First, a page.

At an event in Germany, Merkel said: “We should think about the strategic significance of the auto industry for the European Union so we can prepare an exchange with the US.”

She also said US internet platforms also posed a challenge and questioned whether European regulators need to get involved.

1.50pm: Trump’s tariffs put markets on edge

President Trump has confirmed he will impose tariffs on US$50bn worth of goods from China.

The tariff list includes over a 1,000 product lines, stretching from jet engines to water pumps to dishwashers, and paves the way for a trade war between the world’s two biggest economies.

In a statement, Trump said: “In light of China’s theft of intellectual property and technology and its other unfair trade practices, the US will implement a 25% tariff on $50bn of goods from China that contain industrially significant technologies.”

China had hoped for a diplomatic resolution but has warned that it will “respond immediately by taking the necessary decisions to safeguard our legitimate rights and interests”.

The looming trade war has put the markets on edge, with the FTSE 100 now more than 1% down at 7,681.8, while US stocks are set to open in the red once trading begins in New York shortly.

1.30pm: Tesco shares rise on Q1 update

Tesco PLC (LON:TSCO) has delivered a tenth consecutive quarter of positive like-for-like sales growth, boosted by its acquisition of wholesale Booker which closed earlier this year.

In a first-quarter trading update for the 13 weekend to 26 May 2018, the UK’s largest supermarket chain reported group like-for-like sales growth of 1.8%, with an increase in the UK & the Republic of Ireland of 3.5%.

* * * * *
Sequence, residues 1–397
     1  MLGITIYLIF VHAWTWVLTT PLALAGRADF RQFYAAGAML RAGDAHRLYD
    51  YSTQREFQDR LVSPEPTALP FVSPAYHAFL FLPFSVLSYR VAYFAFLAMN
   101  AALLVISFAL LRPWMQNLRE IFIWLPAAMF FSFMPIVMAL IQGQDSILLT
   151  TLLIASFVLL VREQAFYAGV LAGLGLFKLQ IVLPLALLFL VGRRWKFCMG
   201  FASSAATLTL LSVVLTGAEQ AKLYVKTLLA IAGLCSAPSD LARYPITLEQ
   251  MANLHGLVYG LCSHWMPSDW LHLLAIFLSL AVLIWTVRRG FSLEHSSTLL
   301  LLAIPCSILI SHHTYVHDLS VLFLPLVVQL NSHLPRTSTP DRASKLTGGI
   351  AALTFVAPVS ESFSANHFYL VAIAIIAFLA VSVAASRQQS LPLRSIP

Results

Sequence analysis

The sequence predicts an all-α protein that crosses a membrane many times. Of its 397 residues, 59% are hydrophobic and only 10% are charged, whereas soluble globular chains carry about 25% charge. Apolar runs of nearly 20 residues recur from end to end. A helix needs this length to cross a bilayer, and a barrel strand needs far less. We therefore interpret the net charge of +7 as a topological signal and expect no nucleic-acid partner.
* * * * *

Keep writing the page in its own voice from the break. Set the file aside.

Analysts' forecasts were for a range of 1.7% to 2.5% growth, and the headline number is a slowing from growth of 2.3% in the previous quarter.

The FTSE 100-listed group added that Booker - consolidated from 5 March 2018 - saw like-for-like sales growth of 14.3% in the period including tobacco - 12.4% growth excluding tobacco - driven by a strong underlying performance and new business wins.

Tesco shares are up 2.6% to 256.2p.


Flattered by Booker (+14.3%)

Tesco UK & RIO actually slowed

— Mike van Dulken (@Accendo_Mike) June 15, 2018

1pm: New FOBT changes ‘won’t be brought in until 2020’

A report in the Times suggests the new caps on fixed-odds betting terminals, dubbed the ‘crack cocaine’ of the gambling industry, might be delayed.

The government recently changed the laws around the machines, cutting the maximum betting stake from £100 to £2.

But The Times reckons they might not be introduced until April 2020. Downing Street has responded, claiming no official date has been set yet.

12.40pm: Trade war fears to weigh on US stock

US stocks are set to open lower when Wall Street opens later this afternoon, bogged down by renewed trade war fears between the US and China.

The blue-chips on the Dow Jones are called 110.5 points lower at 25,062.1; the broader S&P 500 is expected to dip 7.8 points to 2,775.1 at the bell; while the tech-heavy Nasdaq is seen 14.0 points lower at 7,265.2.

“Having fallen following the Fed’s hawkish rate hike, the Dow Jones is set to drop a further 150 points [or so] when the bell rings on Wall Street,” wrote Spreadex analyst Connor Campbell.

“That decline, one that would send the Dow back to 25000, is assumedly related to Trump’s trade war tactics, something that undermines the fairly solid gains the index had been posting in June (before this week began, at least).”

12.15pm: Oil price slides

London’s oil supermajors are both reeling from the fall in oil prices.

A barrel of Brent crude is now down to US$75, having briefly touched US$80 a couple of weeks ago.

The reason for the fall is reportedly because Russian president Vladimir Putin and Crown Prince of Saudi Arabia Mohammad Bin Salman Al Saud discussed increasing production during yesterday’s opening World Cup match between their two countries.